Built in 1905, for Maharaja Chamaraja Wodeyar’s eldest daughter, Jayalakshmi Vilas Palace also used to be called First Rajkumari Mansion. One of the most beautiful palaces in Mysore, it has been declared as a heritage site by the government of Karnataka.
This palace houses three museums namely Folklore Museum, Archaeology Museum and General Museum. This spacious palace, which is spread over 6 acres of land, has around 125 rooms and more than 250 carved doors and windows. It is located near another popular Mysore attraction Kukkarahalli Lake.
It is the second largest church in South Asia. It was built by Mysore King for the European residents of Mysore, setting an example of religious harmony and understanding. This church is dedicated to St. Philomena.
Boasting of more than 200 years of historical relevance, this Church is indeed a place to visit in Mysore. Initially a small church, it was later renovated into its present grandeur by Maharaja Krishnaraja Wodeyar. Located at the Lourdes Nagar, Ashoka Road, it opens for devotees and visitors at 5 in the morning till 6 in the evening.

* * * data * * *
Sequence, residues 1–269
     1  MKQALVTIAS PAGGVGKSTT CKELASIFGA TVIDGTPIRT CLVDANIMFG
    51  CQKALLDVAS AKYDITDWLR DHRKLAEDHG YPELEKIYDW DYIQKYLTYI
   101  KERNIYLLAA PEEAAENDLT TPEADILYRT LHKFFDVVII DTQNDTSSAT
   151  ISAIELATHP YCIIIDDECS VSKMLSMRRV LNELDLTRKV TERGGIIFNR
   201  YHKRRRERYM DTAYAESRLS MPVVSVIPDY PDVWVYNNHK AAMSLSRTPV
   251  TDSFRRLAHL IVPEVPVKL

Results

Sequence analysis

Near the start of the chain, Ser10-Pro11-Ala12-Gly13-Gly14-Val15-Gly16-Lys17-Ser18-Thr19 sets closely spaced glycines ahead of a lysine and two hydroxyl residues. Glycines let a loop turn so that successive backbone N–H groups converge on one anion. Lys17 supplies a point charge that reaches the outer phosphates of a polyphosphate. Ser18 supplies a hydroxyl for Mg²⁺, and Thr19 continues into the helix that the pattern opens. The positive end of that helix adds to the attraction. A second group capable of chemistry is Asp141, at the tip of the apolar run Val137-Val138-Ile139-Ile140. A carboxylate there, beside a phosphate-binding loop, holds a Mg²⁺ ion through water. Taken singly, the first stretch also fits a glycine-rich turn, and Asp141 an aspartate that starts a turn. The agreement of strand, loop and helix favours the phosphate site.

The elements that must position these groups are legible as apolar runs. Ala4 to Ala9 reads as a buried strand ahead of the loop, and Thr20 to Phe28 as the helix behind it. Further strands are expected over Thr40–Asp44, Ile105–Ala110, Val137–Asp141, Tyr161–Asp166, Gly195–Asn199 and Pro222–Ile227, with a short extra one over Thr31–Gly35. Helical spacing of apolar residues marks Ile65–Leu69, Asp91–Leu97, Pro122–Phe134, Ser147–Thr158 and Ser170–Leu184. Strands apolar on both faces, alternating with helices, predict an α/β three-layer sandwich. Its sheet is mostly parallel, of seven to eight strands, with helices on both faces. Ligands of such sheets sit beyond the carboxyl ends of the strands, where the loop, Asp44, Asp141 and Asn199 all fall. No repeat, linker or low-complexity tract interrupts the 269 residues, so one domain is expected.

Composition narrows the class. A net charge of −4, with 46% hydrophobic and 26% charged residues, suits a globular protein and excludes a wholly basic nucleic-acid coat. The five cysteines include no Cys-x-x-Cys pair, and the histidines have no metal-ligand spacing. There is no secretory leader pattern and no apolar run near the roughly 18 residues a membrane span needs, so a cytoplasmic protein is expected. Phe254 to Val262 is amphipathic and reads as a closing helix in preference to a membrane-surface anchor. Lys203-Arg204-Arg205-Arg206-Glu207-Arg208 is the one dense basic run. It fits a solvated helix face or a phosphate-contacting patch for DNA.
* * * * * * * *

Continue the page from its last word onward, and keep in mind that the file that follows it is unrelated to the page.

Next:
Golden temple is located in Bylakuppe which is the second largest Tibetan settlement outside Tibet. Located around 80 km away from Mysore, it is a place worth visiting. Established by His Holiness Pema Norbu Rinpoche in 1933, this monastery presents a serene spiritual atmosphere along with a captivating architecture.
This temple is adorned with detailed colourful paintings which present a glimpse into the Buddhist Mythology. Adding further to its beauty are the enchanting scenic surroundings. You can visit Namdroling Monastery from 7 AM to 8 PM.